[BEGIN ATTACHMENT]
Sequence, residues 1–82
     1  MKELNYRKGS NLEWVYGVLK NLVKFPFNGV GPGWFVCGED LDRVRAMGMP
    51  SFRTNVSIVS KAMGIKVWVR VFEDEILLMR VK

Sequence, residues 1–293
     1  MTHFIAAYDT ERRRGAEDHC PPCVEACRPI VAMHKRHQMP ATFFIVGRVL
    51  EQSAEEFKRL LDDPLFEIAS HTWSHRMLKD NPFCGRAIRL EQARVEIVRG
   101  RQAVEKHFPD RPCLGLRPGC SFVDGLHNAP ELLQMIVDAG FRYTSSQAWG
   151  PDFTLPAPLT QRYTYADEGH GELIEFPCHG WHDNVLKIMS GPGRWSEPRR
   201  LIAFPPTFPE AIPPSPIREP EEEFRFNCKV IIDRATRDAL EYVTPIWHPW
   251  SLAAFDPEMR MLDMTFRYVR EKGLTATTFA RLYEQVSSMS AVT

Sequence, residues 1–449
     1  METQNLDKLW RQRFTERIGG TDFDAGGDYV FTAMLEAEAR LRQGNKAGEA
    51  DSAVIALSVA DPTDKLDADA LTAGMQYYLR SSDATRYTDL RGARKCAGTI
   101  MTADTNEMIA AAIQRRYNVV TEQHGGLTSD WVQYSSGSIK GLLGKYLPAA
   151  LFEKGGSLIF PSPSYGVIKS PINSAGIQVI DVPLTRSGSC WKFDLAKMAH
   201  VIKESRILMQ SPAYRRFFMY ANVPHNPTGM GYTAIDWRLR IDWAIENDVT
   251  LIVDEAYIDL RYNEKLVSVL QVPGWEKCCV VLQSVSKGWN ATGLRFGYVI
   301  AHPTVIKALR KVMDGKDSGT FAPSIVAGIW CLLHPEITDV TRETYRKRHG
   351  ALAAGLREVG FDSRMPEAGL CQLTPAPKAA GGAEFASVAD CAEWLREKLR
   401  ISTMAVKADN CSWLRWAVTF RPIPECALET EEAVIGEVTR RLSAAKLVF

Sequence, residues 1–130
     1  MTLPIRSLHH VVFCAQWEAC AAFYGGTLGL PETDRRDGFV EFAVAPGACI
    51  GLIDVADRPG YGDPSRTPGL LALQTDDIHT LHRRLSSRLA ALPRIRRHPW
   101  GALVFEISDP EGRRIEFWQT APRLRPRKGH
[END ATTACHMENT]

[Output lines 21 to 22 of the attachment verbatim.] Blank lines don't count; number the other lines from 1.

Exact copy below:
Sequence, residues 1–130
     1  MTLPIRSLHH VVFCAQWEAC AAFYGGTLGL PETDRRDGFV EFAVAPGACI